Astronomical methods for the year 1 trillion

Update: you can read Avi Loeb and Freeman Dyson’s discussion of this issue in our latest post.

Imagine a civilization in our galaxy a trillion years in the future. Astronomers in this society may not know of a universe beyond their own galaxy. At approximately the year 100 billion, all galaxies outside the Local Group of gravitationally bound galaxies will have sped out beyond the event horizon of the observable universe and the Local Group will have long since conglomerated into a single galaxy (“Milkomeda”). The Sun will have died out long ago, but the lowest mass stars in the present-day Milky way (0.1~1 solar masses) may still be living.

What’s more, the accelerating expansion of the universe predicted by the standard ΛCDM cosmology has redshifted the photons of the cosmic microwave background beyond the event horizon of the entire future universe, so future BOOMERANG or WMAP experiments will not work.

Clearly, these future observers could not use the same tools we have to understand the origins of the universe. Fortunately, Harvard Professor Avi Loeb has a very interesting short paper on the arXiv today that speculates on the tools astronomers living a trillion years in the future could use to infer the standard model of cosmology we have derived from present-day observations of the universe.

Loeb suggests that these future observers look for the precious few stars that have had a velocity sufficient to escape from Milkomeda (hypervelocity stars, HVSs). HVSs can be ejected from a galaxy by gravitational interactions with the supermassive black hole at the galaxy’s nucleus. After about two billion years of travel, Loeb estimates, the acceleration of a typical HVS will become dominated by the cosmological flow rather than the gravitational attraction of Milkomeda.

Because these HVSs will be the only extragalactic light source available to astronomers in the year one trillion, observations of this acceleration will be one of very few clues left of ΛCDM cosmology. The change in the Doppler shift that must be observed to measure this acceleration is beyond the capability of today’s state-of-the-are spectrographs, but Loeb concludes , “Future generations of experimentalists will have ∼ 10^{12} yr to improve upon this instrumental performance before it becomes crucial for validating the standard cosmological model.”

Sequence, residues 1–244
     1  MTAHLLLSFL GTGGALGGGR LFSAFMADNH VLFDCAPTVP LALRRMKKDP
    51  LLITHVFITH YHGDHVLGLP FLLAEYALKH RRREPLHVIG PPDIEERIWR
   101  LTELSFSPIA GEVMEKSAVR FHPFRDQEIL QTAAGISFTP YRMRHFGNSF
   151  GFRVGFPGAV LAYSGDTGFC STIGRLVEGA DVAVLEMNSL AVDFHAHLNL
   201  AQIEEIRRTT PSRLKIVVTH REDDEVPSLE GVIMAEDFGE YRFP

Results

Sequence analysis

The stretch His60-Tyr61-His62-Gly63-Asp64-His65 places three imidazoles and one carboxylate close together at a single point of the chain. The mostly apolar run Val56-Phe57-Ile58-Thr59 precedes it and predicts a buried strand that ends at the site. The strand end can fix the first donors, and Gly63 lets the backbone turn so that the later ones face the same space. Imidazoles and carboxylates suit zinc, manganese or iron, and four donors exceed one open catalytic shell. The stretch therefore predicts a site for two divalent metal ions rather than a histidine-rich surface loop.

Professor Loeb does, however, allow for the possibility of cosmology textbooks (perhaps his own book?) being passed down from present generations, in which case all these observations would be unnecessary.

About Nathan Sanders

I am one of the members of the team that founded Astrobites in 2010 and a co-founder of ComSciCon, the Communicating Science Workshop for graduate students. I earned my Ph.D. in astronomy at Harvard University in 2014, focusing on observations of supernovae and their host galaxies; investigating how massive stars explode and enrich the interstellar medium. I did my undergraduate work at Michigan State University.

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  1. Professor Loeb does, however, allow for the possibility of cosmology textbooks (perhaps his own book?) being passed down from present generations, in which case all these observations would be unnecessary.

    They’ll still have to do the observations, if only to convince themselves that the books being passed down are trustworthy.

  2. Milkomeda? We’re naming it a trillion years before it’s born? That must be a record.

    I can imagine, two trillion years from now, it complaining (galaxies will of course be self-aware by then, highly mobile, but generally unmotivated like all teenagers) about the wussy name its progenitors gave it.

  3. As I was reading this I kept imagining some completely new civilization developing in that time and having to discover all of the secrets of the universe on their own without our help.

  4. Amusing, to assume “we” will still be around. Though, still fascinating reading.



  1. Avi Loeb and Freeman Dyson on the future of the universe « astrobites - [...] was delighted to receive an email from Avi Loeb, who’s paper on the (far) future of astronomy we discussed…

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